Near the Cathedral in Colgne is a charming fountain. The sculpted characters respresent the heroes of a German folksong. These “magic helpers” worked there magic at night when the citizens are fast asleep to help finish the households chores they has started earlier. Even though the elves loved to be hard at work, they did not like being around humans. All went well until one evening the tailor’s wife decided she wanted to see the helpers. She scattered peas all over her floor in hopes that the little elves would slip on them and then she could rush in to see them for herself.
She heard a commotion and quickly lit her lantern and stomped her feet. The elves ran out of the house and were so offended that they left the city. The people of Cologne then had to finish all of there chores by themselves.
You can see the hardworking elves and the tailor’s wife with her lantern carved into the fountain.
Built on the ancient ruins of a Roman cemetery, where 11,000 virgins associated with the legend of Saint Ursula were supposedly buried. Inside the church is a reliquary featuring the bones of these martyred girls. The story of Saint Ursula is now considered to be fiction. It’s thought that there were originally 11 girls accompanying St. Ursula but over the years the letter M was mistaken for the Roman numeral for 1000.
There is an arched bridge that spans the Rhine River in Cologne. Hohenzollern Bridge has become a “Love Lock” bridge where couples lock a padlock onto the bridge and throw the key into the river to show their love and devotion.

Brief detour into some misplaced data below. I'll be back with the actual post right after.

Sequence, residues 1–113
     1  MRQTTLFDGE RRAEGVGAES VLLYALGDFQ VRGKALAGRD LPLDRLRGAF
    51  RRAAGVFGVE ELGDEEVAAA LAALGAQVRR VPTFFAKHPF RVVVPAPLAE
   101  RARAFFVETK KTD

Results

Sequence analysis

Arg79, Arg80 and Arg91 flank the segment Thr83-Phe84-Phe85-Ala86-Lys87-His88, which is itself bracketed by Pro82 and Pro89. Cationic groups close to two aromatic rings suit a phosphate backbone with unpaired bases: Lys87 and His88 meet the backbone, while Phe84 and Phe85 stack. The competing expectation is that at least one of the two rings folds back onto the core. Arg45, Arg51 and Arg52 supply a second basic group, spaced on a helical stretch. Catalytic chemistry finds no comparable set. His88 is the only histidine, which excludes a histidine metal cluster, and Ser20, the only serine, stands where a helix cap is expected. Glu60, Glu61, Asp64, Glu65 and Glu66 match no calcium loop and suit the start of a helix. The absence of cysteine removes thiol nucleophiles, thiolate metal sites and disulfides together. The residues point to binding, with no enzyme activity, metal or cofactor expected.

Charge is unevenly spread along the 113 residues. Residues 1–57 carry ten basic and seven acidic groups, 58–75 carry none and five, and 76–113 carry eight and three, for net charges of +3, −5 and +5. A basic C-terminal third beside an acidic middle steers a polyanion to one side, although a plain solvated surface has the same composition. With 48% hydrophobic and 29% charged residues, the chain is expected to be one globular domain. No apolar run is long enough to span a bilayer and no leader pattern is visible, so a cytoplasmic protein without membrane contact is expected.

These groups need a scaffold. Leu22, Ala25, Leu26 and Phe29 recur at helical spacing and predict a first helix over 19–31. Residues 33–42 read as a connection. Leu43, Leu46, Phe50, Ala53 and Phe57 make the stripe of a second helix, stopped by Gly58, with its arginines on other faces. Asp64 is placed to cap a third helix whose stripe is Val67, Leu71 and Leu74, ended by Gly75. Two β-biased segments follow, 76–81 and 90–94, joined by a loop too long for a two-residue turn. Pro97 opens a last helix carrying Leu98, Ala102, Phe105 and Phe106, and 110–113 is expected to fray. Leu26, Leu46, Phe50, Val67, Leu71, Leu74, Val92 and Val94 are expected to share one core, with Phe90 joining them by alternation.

The German city of Koln or Cologne is just a short train trip from Papenburg, where we were staying. A city renowned for it’s Eau de Cologne and it’s imposing Cathedral. Kolner Dom or Cologne Cathedral is the third largest church and the tallest cathedral in the world.
During WWII, Cologne lost 93% of it’s population, mostly due to evacuation. Most of the thousand year old city center was destroyed by allied bombs. Despite recieving 14 hits from the bombing, the Cathedral still stood among the desolate landscape. There is a legend that the Cathedral was such a doo landmark for the BRitish and American bombers that they secretly conspired to not destroy it. The repairs were finished in 1956, but the Cathedral is in a constant state of repair.
The Cathedral’s sandstone facade gets it’s grey appearance from exposure to acid rains. Among the saints and apostles covering the outside are also gargoyles, grotesques. Out of sight on the Cathedral’s roof are statues of John F. Kennedy, Nikita Khrushchev, Charles de Gaulle, a buxom Tanzmariechen, one of the high-kicking women dancers at Carnival parties, a local boxer, a handful of soccer players and the billy goat mascot of the FCKoln. The goat is named Hennes and Hennes IX is the latest incarnation. In 2018 a small gargoyle of Pope Francis was added very quietly. It took the locals a week to spot him.
The medieval market place in Bremen features many old and interesting buildings. In addition to the Rathaus, The Cathedral of St. Peter has 1200 years of history. Among it’s many treasures are the remains of the old choir stalls built in 1630. The oldest portion of the cathedral dates bate to the 11th century.